When we were children, my father would take my sister and I to the public library every Saturday.  Come rain or shine, he made sure we got a chance to get to read as many books as possible.  And my mother would often come home burdened with secondhand books she’d bought from the local thrift store or garage sales. To this day, I have kept them all, an enduring reminder of the world that opens up when you learn to read. Perhaps it is with our father’s words ringing in our ears - of the power of education to change the world - that we have both found ourselves working for Pearson.

    My parents’ stories seem so far removed from the life I’ve enjoyed as a first-generation American, that to describe myself as a child of refugees feels odd. Yet that is exactly what I am. I am the children of those risking their lives, right at this moment, attempting the perilous crossing from North Africa to Europe. I am the children of Syria, torn from their homes and their classrooms by war. And I am the proof, that education is both the means and the motivation that can make the difference.


    Learn more about how we’re trying to help the children displaced by the Syrian conflict.

    Connect with Elizabeth on Twitter - @elizabethgoueti

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  • Reading - a rite of passage

    by Emma Buckle

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    My son is 18 months old. Soon he’ll be at that age when you stop counting the number of words he can say. He’s up to seven. The sixth one was “Gruffalo”. His eighth word will probably be “Siri”. I’m lucky I can make a joke of it.

    For nearly 800 million adults around the world, reading can only ever be something done to them. The internet came and put education at the fingertips of more people than ever before. New ideas and data insights are improving school standards all the time. Yet illiteracy rates are merely being chipped away at, little bit by little bit.

    By 2020, 90% of the world’s over six-year olds are likely to own a mobile phone. Just think about that - there’ll be more people who can work a phone than can read or write. If this was health or homelessness or famine, we'd be talking about a humanitarian crisis. Yet illiteracy will likely be a major contributor to all three. Victims of a poor or entirely absent education, their illiteracy is the price they now pay. It is a heap of waste that seeps unnoticed by others into even the most basic parts of a day - a street sign, a menu, a tweet becomes the thing of subatomic quantum physics. Books are too lofty an ambition, so they remain untouched - just having enough words to see them through a day will do for now.

    A colleague of mine recently recalled when her boy’s reading ability sparked into life. He was five - a fairly typical age to be able to read, so you’d think. She remembers feeling a sense of revelation, even bewilderment, that this little creature who could barely do anything for himself not so long ago was now able to sit alone, with a book, and read.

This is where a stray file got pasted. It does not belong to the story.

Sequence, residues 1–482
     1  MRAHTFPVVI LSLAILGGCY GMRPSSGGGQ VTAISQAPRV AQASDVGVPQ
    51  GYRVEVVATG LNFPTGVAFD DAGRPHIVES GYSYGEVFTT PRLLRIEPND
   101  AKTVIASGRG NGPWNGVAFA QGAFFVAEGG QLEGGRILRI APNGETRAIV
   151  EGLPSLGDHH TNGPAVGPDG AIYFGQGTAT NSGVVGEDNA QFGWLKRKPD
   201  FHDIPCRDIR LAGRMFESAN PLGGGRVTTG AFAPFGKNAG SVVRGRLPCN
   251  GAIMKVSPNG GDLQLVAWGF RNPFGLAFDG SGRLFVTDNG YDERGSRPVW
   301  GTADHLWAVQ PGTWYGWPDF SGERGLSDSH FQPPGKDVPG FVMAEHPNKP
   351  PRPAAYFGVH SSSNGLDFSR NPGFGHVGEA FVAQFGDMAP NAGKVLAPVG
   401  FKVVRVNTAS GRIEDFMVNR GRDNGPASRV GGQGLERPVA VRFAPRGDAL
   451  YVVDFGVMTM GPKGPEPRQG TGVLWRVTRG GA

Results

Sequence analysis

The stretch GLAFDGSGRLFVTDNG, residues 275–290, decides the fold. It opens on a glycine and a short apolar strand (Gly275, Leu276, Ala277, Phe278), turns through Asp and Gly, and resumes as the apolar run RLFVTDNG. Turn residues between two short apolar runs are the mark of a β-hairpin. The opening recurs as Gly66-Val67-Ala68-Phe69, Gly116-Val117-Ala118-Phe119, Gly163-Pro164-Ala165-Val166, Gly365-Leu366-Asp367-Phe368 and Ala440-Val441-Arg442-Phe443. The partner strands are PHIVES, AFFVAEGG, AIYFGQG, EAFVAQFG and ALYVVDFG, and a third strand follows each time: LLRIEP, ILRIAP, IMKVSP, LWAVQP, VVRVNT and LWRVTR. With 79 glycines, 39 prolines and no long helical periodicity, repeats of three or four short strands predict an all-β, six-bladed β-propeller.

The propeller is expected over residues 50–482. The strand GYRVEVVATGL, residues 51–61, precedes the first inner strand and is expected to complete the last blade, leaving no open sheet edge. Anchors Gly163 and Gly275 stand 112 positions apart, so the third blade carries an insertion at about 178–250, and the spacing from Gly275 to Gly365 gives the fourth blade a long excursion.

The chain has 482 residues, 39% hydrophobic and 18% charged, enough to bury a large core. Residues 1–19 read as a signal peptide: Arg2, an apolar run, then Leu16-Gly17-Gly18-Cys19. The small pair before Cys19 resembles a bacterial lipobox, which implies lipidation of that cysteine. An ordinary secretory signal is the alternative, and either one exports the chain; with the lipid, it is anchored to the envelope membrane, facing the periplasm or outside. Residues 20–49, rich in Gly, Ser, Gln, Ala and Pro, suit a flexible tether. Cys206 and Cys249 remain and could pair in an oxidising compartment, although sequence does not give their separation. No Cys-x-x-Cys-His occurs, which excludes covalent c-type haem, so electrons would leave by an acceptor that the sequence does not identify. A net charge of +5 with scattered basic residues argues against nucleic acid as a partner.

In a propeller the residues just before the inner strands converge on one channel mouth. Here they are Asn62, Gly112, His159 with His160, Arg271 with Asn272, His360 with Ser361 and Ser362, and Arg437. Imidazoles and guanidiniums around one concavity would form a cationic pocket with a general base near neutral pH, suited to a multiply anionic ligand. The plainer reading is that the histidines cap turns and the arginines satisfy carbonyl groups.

And she then realised how odd - how wrong - it was to feel like this. To be amazed and in awe of something that we should all take for granted; something that should be a simple rite of passage of a human’s progress through life. We’re born, we crawl, we walk, then talk, then read - isn’t that how it should go for everyone?

    I’ve read to my son ever since he was just a few weeks old. For me it is an emotional exercise, as much as an educational one. It’s about us sharing a moment of intimacy, with no interruptions - no phones, TV or Siri to get in the way. But the science behind doing so makes it equally rewarding. Children acquire between 500 and 1,100 words by the age of three. Regularly talking, singing and reading to our little ones during those years can increase their vocabulary by 75%.

    My son is lucky. Our shelves at home are stacked with books, and the school he'll go to will be too. But storybooks are shamefully the preserve of the better off. It is a fact that the poorer you are, the further away your closest book lies.

    Odds are, my son will be able to read. It’ll give him the opportunity to decide whether he’s a book lover. Whether, like his mum, he’ll be thrilled by the prospect of those opening pages, and eaten with the curiosity of finding out what happens next. Or perhaps he won’t like books - perhaps he’ll be into computers and want to spend all day coding. Or maybe he’ll be interested in the world around him - nature, politics, buildings. Whatever it is he ends up loving, he’ll be able to love it more because he’ll be able to read.

    It is never too late to learn how to read and write; but there is no substitute for learning to do that as a child.

    Today is the International Day of Families. Why not mark it by reading a book with your little boy, or girl, or niece, or nephew or grandchild and share the #joyofreading as a family. After all, there are still some things that Siri will never replace.

    You can connect with Emma on Twitter - @EmmaBucks


    At Pearson we believe literacy should be a right, not a privilege. Join us in #ProjectLiteracy and help be the difference.



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  • Mohamed's story

    by Dominic

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    Mohamed is a success story. At school he was known as a 'naughty kid', too interested in sport and not enough in studying. Today he works for one of the world's biggest football clubs. His dream job is down to his own talent, commitment, and hard work. His success reflects well on his teachers, his family and his friends. And it also reflects well on BTEC. Mohamed is one of many thousands of young people who, through BTEC qualifications, are taking a less traditional, but no less valuable, path through education and then  beyond.